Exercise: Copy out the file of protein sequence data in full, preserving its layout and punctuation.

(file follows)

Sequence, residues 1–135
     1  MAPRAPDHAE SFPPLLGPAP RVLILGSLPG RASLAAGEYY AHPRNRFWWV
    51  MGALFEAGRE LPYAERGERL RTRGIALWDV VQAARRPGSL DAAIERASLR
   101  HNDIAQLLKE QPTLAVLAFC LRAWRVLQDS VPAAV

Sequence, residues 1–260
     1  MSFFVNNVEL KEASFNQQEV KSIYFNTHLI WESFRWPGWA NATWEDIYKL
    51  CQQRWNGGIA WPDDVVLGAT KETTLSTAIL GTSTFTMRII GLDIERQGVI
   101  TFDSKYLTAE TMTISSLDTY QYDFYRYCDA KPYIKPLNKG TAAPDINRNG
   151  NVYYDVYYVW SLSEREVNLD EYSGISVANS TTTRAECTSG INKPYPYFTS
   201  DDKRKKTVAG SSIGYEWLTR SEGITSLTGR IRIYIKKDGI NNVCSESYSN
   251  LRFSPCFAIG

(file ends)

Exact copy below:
Sequence, residues 1–135
     1  MAPRAPDHAE SFPPLLGPAP RVLILGSLPG RASLAAGEYY AHPRNRFWWV
    51  MGALFEAGRE LPYAERGERL RTRGIALWDV VQAARRPGSL DAAIERASLR
   101  HNDIAQLLKE QPTLAVLAFC LRAWRVLQDS VPAAV

Sequence, residues 1–260
     1  MSFFVNNVEL KEASFNQQEV KSIYFNTHLI WESFRWPGWA NATWEDIYKL
    51  CQQRWNGGIA WPDDVVLGAT KETTLSTAIL GTSTFTMRII GLDIERQGVI
   101  TFDSKYLTAE TMTISSLDTY QYDFYRYCDA KPYIKPLNKG TAAPDINRNG
   151  NVYYDVYYVW SLSEREVNLD EYSGISVANS TTTRAECTSG INKPYPYFTS
   201  DDKRKKTVAG SSIGYEWLTR SEGITSLTGR IRIYIKKDGI NNVCSESYSN
   251  LRFSPCFAIG